'"Road map" fading from radar'
Ha'aretz analysis of the "road map" and Powell's current visit to the region. The article argues that the road map will be pushed to the background as Sharon presents his "reservations" to the US administration:
And what will happen with the road map? It will remain in the background as a signal to the sides - "a political horizon" that will instill hope in the Palestinians, and a possible whip to apply pressure in the event of mutual breaches or foot-dragging.

Abu Mazen will ask Powell to pressure Israel into adopting the road map as is; but Sharon is standing firm on his demand to make changes to it, or at least come to an understanding with the Americans on issues of principle on which Israel has a different view to that expressed in the plan.

Sharon will make it clear to the secretary of state that if Israel's positions are accepted, it will be easier for him to receive the cabinet's approval for the road map. To demonstrate his political difficulties, Sharon will introduce his American guest to senior ministers and the heads of the coalition factions. Hearing from Effi Eitam and Avigdor Lieberman will convince Powell that Sharon is the moderate member of the gang.
Yes, Eitam and Lieberman - two fine gentlemen who demonstrate that Israeli democracy is surely a paradigm for the rest of the Middle East, even if they are not quite as "moderate" as Sharon.

Eitam heads the National Religious Party, which represents many of the settlers in the West Bank. Here is a little from the past of Eitam:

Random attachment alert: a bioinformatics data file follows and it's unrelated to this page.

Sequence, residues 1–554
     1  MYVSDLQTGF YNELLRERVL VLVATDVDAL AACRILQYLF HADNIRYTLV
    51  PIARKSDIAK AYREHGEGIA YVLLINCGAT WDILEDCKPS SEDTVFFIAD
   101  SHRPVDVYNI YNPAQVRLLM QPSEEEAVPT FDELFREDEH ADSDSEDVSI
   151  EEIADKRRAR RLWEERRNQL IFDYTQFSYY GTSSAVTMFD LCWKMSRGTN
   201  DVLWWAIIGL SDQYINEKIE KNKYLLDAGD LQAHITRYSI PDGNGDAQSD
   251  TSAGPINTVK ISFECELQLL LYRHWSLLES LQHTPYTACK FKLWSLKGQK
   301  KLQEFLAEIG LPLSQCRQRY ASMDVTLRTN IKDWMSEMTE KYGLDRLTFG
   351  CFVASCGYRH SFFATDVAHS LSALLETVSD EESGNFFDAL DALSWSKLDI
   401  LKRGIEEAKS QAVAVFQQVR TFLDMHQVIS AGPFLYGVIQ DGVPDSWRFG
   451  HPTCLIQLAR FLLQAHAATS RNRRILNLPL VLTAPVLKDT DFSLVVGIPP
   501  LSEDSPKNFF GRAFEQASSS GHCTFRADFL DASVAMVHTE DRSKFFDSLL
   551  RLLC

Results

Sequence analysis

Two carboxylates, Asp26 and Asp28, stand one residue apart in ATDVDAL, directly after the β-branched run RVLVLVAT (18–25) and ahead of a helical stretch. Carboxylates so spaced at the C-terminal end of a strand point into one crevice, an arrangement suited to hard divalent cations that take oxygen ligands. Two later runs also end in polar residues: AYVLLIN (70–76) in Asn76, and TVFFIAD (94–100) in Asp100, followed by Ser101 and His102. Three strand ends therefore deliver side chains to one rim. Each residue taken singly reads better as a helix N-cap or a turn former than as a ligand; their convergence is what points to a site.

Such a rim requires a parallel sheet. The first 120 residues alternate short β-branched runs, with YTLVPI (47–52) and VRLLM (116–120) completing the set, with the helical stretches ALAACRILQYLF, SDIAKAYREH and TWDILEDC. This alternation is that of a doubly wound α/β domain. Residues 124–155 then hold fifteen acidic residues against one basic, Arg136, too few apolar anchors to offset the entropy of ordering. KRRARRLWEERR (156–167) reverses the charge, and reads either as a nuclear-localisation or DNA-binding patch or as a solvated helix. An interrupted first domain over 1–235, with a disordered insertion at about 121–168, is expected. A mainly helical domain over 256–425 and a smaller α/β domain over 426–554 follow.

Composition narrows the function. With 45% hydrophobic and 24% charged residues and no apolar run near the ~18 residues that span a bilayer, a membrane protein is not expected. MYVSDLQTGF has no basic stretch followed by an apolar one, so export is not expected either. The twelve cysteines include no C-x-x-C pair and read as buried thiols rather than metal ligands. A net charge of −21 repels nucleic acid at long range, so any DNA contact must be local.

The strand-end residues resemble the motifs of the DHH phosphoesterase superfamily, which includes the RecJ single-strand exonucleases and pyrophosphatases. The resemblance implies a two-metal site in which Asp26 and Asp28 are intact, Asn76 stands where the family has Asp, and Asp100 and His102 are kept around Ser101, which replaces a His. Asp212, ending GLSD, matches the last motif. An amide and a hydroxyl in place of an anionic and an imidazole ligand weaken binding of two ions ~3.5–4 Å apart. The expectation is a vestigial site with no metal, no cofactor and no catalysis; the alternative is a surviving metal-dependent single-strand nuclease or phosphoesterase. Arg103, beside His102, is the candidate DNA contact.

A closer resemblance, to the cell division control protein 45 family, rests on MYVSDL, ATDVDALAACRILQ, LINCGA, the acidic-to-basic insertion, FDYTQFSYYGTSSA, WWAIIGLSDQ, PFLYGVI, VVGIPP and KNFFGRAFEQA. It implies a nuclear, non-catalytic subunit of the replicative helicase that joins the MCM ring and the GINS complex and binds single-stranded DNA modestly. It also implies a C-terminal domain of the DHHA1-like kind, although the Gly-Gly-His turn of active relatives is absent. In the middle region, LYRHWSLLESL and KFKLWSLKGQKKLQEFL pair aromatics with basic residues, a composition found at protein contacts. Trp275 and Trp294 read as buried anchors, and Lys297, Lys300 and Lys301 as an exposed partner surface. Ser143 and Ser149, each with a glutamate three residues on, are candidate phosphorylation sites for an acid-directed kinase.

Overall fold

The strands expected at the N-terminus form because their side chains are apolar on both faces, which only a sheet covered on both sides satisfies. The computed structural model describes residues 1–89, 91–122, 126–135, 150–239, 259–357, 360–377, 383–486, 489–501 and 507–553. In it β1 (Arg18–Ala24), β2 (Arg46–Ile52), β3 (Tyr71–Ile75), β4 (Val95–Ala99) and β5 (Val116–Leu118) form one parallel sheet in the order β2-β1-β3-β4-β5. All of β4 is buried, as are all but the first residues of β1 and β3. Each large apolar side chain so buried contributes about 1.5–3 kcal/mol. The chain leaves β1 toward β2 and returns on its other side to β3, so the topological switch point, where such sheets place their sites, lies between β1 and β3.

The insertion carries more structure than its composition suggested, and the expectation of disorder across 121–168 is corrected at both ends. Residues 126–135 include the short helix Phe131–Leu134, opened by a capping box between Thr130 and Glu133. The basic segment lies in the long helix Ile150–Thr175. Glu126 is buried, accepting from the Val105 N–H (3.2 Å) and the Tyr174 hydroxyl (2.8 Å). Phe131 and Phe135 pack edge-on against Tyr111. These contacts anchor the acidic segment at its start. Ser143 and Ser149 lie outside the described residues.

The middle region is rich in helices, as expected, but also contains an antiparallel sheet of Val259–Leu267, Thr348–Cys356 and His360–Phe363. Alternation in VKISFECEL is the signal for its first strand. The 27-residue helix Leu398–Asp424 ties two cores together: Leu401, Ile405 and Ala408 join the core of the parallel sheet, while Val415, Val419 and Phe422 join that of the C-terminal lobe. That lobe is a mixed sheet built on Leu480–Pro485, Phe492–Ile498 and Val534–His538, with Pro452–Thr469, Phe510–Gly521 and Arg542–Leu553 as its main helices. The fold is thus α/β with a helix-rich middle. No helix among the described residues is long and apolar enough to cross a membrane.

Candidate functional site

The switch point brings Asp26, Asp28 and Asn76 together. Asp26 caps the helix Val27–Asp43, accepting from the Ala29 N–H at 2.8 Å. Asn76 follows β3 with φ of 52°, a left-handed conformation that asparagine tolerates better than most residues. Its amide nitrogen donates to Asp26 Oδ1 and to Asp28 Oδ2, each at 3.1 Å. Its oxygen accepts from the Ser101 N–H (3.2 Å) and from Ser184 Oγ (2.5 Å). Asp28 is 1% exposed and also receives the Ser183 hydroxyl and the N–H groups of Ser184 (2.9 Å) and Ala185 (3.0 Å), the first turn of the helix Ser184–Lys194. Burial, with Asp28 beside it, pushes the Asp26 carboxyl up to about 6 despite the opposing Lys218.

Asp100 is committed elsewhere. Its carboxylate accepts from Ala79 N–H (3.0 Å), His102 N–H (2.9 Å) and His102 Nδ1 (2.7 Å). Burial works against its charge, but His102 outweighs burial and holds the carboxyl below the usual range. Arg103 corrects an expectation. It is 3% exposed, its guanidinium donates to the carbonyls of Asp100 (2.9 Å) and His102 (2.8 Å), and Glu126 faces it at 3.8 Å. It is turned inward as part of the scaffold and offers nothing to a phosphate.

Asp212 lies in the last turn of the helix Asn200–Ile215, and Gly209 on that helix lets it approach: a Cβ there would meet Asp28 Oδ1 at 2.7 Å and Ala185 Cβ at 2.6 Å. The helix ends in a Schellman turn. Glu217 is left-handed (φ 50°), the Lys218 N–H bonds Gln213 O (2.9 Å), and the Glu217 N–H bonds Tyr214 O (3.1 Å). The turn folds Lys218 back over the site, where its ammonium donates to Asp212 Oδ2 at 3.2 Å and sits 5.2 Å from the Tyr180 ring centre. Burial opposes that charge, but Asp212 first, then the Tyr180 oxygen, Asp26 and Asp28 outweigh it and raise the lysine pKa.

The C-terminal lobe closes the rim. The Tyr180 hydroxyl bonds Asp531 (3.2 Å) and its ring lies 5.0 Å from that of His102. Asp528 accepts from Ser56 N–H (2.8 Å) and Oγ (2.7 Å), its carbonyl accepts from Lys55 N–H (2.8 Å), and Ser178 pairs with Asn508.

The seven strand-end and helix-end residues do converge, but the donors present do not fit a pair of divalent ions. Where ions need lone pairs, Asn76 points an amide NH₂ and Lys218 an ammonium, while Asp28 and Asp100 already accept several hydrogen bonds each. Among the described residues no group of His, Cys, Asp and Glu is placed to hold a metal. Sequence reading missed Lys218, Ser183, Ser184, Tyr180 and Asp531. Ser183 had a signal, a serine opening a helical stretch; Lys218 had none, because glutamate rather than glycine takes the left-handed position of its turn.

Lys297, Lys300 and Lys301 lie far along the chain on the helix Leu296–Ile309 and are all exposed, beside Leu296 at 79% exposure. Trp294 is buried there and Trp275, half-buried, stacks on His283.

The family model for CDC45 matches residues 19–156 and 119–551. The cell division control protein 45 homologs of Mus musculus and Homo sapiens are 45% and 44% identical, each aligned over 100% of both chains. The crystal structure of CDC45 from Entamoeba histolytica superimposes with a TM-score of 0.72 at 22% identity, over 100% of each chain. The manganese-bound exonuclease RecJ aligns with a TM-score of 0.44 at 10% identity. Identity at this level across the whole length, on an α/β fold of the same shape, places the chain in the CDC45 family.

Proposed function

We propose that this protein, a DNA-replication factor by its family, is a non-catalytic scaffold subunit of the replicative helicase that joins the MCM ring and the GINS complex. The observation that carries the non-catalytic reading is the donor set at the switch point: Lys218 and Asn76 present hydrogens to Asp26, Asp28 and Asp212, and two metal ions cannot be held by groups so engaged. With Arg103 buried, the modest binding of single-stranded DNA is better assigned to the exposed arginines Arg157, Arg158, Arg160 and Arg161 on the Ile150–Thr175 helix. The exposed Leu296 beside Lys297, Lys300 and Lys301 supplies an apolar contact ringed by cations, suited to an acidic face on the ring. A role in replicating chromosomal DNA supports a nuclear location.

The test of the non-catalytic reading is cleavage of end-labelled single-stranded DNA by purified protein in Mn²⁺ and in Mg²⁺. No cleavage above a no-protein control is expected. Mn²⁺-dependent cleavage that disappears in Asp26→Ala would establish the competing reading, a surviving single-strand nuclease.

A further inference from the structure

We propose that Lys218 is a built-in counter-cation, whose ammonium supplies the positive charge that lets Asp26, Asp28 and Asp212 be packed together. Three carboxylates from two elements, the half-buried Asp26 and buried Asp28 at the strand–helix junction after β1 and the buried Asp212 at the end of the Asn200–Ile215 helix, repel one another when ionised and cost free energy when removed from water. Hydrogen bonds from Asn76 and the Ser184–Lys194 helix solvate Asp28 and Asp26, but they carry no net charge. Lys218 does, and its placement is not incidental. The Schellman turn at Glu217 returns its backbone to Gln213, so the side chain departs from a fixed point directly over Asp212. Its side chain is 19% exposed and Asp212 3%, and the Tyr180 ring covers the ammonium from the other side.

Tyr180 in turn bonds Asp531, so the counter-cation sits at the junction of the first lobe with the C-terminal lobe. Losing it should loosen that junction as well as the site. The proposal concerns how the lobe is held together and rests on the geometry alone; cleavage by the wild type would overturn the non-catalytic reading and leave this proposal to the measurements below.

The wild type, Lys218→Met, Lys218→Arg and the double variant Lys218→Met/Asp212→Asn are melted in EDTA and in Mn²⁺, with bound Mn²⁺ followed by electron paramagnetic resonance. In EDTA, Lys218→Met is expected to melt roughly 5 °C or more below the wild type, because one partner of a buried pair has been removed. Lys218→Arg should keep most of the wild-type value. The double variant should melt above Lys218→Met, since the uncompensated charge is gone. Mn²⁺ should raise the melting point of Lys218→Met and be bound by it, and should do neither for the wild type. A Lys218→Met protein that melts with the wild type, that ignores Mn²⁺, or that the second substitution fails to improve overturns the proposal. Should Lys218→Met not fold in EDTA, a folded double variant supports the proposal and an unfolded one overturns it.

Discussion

Eitam was the army's highest-ranking combat officer of religious background. A controversial and charismatic figure, Eitam faced military charges when he gave the soldiers in his command the illegal order to "break the arms and legs of the Palestinians" during the first Intifada (1987-92).

More recently, he was quoted by Ari Shavit in an interview in Ha'aretz (March 22) as saying: "First, get rid of this leadership [Yasser Arafat]. Second, enter Area A [under full Palestinian control] and uproot the military terrorist capability. Third, make it clear that there will be no foreign sovereignty west of the Jordan River. I am not sure this is the time to organize what will happen east of the Jordan. But as for the area west of the Jordan, we have to state that no sovereignty will be established there other than that of Israel."

Writing in The Jerusalem Post (April 8), Laurie Copans reported, "Eitam speaks unabashedly of his controversial dream: 'One day, the more than 3 million Palestinians in the West Bank and Gaza Strip will move to Jordan.' "
How about Lieberman? Lieberman once stated that "There is nothing undemocratic about transfer" - i.e., expelling people from their homes and lands.

"Moderate" indeed.

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